Best 60 Percent Keyboard for 2023

Are you looking for a compact keyboard with sufficient room for gaming on the desk?

Well, a 60% gaming keyboard should be your choice. 

We have tested more than 30 keyboards based on connectivity, build quality, battery life, and types of switches.

After our detailed analysis, we have brought the 60 percent keyboard, which will never disappoint you with its performance. 

Overall Best

Razer Huntsman Mini

Razer Huntsman Mini

Attractive design

PBT keycaps

Works with Synapse

2nd Runner Up

HyperX Alloy Origins 60 

HyperX Alloy Origins 60 

Doesn’t have a wireless option.


RGB Lighting

3nd Runner Up

Corsair K65 RGB

Corsair K65 RGB

Detachable USB-C cable

Compact Design

8000 Hz polling

Best 60 Percent Keyboard for 2023 – Complete List

1. Razer Huntsman MiniOverall Best

Razer Huntsman Mini

Huntsman Mini is the best of the primary 60% keyboards now available. While I haven’t always been a fan of Razer’s optomechanical switches, I’ve seen a big improvement in this keyboard’s performance. 

This keyboard is excellent for gamers who value silence and responsiveness above the springy key switches feel.

Because it is not a wireless connectivity model, you must carry around a USB-C cable whenever you use it away from home. 

The Huntsman Mini gaming keyboard is also white, making blending in with your existing decor easier than many other gaming peripherals. Set the LED lights to something neutral, and you are good to go.


Why We Love This Product

  • This keyboard has good software customization options with Synapse.
  • It has PBT keycaps and linear switch options.
  • It has an attractive design.

Why We Don’t Like This Product 

  • The keyboard has a loud hollow sound.
  • It is extremely lightweight.

2. HyperX Alloy Origins 60

HyperX Alloy Origins 60

The HyperX Alloy Origins 60 is a mechanical keyboard with a metal baseboard if you’re looking for a 60 percent keyboard that’s strong and durable.

It is bulkier than competing products, so if you’re trying to minimize the weight of your suitcase, there may be better choices.

This keyboard will tolerate your forceful keystrokes even if you are an aggressive typist.

Why We Like This Product

  • The keyboard comes with impressive RGB lighting. 
  • It includes a keycap puller 
  • It has a compact footprint 

Why We Don’t Like This Product 

  • The keyboard does not come with a wireless option. 

3. Corsair K65 RGB Minimalist design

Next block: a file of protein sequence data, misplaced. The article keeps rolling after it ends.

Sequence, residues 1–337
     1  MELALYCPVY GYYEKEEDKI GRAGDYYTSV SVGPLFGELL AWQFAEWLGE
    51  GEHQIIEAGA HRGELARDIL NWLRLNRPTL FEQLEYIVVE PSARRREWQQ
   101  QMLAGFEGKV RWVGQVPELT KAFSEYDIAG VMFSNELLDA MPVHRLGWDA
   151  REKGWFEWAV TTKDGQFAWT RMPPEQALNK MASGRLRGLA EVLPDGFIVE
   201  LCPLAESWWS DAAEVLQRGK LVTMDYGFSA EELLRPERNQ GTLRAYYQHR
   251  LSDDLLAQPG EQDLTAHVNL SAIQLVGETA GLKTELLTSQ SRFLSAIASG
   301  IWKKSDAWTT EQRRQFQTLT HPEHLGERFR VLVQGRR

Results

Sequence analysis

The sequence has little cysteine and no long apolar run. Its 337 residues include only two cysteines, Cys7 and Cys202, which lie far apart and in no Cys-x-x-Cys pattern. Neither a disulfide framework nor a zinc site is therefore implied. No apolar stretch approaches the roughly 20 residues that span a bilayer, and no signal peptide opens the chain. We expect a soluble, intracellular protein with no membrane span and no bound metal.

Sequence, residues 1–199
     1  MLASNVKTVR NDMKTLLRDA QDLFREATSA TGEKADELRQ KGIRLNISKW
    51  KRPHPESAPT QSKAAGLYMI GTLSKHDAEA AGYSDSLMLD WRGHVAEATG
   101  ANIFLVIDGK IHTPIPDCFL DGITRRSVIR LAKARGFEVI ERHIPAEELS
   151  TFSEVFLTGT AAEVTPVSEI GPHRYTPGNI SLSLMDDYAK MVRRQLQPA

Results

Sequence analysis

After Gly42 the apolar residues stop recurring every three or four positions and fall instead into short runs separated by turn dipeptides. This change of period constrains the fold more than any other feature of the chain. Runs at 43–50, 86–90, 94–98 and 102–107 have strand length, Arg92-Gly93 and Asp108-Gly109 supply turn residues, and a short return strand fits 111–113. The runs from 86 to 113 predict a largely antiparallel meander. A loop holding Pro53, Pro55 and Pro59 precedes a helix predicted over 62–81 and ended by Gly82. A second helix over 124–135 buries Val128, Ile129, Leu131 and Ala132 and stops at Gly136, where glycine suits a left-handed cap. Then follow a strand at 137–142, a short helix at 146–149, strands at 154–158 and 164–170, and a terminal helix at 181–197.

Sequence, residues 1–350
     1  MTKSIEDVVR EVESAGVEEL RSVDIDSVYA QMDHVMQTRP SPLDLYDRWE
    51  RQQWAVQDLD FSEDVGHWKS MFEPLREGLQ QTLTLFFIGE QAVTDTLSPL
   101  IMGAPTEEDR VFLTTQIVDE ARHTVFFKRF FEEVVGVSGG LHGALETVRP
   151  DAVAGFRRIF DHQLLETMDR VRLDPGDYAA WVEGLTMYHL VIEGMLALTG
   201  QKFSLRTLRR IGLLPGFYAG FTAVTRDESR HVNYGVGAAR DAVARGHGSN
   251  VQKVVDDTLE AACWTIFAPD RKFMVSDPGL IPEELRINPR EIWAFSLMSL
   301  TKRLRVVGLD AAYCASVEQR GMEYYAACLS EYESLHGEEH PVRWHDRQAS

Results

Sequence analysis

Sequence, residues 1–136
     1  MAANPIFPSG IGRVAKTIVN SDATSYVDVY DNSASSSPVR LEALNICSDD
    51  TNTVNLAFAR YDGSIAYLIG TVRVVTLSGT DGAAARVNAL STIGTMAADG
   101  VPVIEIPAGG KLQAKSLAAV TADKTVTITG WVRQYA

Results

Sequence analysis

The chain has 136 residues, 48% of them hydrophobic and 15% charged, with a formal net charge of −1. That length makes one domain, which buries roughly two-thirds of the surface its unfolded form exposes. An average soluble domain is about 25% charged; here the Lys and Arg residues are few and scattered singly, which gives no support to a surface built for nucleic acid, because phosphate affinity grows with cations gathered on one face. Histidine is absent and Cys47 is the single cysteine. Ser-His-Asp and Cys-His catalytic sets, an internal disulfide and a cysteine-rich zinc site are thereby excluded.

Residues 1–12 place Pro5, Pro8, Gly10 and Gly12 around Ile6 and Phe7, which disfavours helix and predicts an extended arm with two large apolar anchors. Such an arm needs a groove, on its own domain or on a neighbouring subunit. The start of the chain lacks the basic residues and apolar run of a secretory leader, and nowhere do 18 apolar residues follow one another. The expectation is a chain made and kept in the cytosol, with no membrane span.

Corsair K65 RGB Minimalist design

The K65 RGB Mini is not necessarily one of the best keyboards the company has ever produced but worth the price.

The plastic casing seemed hollow, and the keys rang when struck.

Users already invested in Corsair’s iCUE software may keep their accessories under one customizing suite rather than switching between interfaces.

If you do not care about this, the HyperX Alloy Origin 60 is superior and a better choice.

Why We Love This Product

  • The design of this compact 60% keyboard feels natural 
  • It supports a detachable USB-C cable 
  • The space bar has a cool fractal design 

Why We Don’t Like This Product 

  • It lacks strong differentiating features 
  • The 8000 Hz polling of this keyboard is not helpful 

4. Anne pro 2

Anne pro 2

Anne Pro 2 achieves the impossible by providing an affordable enthusiast 60 keyboard. It has robust features and offers a pleasant typing experience.

It provides wired and Bluetooth wireless connectivity for less than $100.

Additionally, it offers the flexibility to switch between four multiple devices in wireless mode.

Through the intuitive ObinsKit software, you can tweak key inputs, modify wireless settings, program key backlighting, and even generate custom commands.

Why We Love This Product

  • It’s a fantastic keyboard with better software customization 
  • It comes with great switch options 
  • It supports a wireless connection 

Why We Don’t Like This Product 

  • RGB light is dim and inconsistent 
  • The wireless connectivity of this keyboard is unreliable 

How Many Keys Does A 60% Keyboard Contain?

It is important to note that gaming keyboards often adhere to one of three configurations.

The most typical type is the full-size deck, which typically has between 100 and 110 keys, based on whether the maker adds media buttons or macro keys. 

Every keyboard has a number pad to the far right and a function row along the top.

Most gamers will choose a full-size keyboard over a compact one since it enables them to perform several operations with a single press and program macros for actions that aren’t built into the keyboard.

Keyboards without the right-most number pad, known as “tenkeyless decks,” have been popular for some time.

Although they are slimmer because 17 keys were removed, they still include the keys you need to access the media controls and do other functions. 

Sure, it has more than 10 keys, but “seventeenkeyless” doesn’t sound as good. When gamers require an extra room on their workstation and don’t need a rapid means to enter numbers or perform computations, they may opt for one.

Then there are 60 percent keyboards, which, as its name suggests, remove 40 percent of the keys from a regular keyboard, leaving only 61.

In addition to removing the number pad, the function keys, arrow keys, and occasionally helpful system keys such as “print screen” and “home” are also eliminated. On some systems, they are inoperable.

On a 60 percent keyboard, you’ll use the function key to access these controls; as there’s no universal design for gaming keyboards, switching brands like Razer, HyperX, or Corsair will require you to memorize an entirely new set of shortcut keys.

Additionally, they lack built-in wrist supports, but the height is adjustable. Few models also offer Bluetooth connectivity.

New from Razer is a 66% keyboard, a less typical keyboard layout that retains the arrow keys and other functions while discarding the rest to keep a slimmer profile.

This is the best choice if you frequently use the arrow keys. As a text editor, I rely on them frequently, in some games, they may replace the more familiar WASD keys.

Advantages Of A 60 Percent Keyboard

Why get a 60 percent keyboard if so many functionalities are missing? The only purpose of utilizing a tiny keyboard is, of course, to save room.

It’s good not to have to cram yourself into a tiny space to play a video game or, like me, move a bunch of junk off your desk so you can move around.

Particularly useful if you like to eat while working. The compact design doesn’t get in your way when you need to set down a bowl or plate.

The fact that I can shake crumbs off the keyboard with one hand makes the keyboard much cleaner.

60 percent keyboard

Being 60 percent smaller than a laptop keyboard, it takes up less room in your backpack than a laptop, albeit it’s still a bit thick, evidently making it more portable.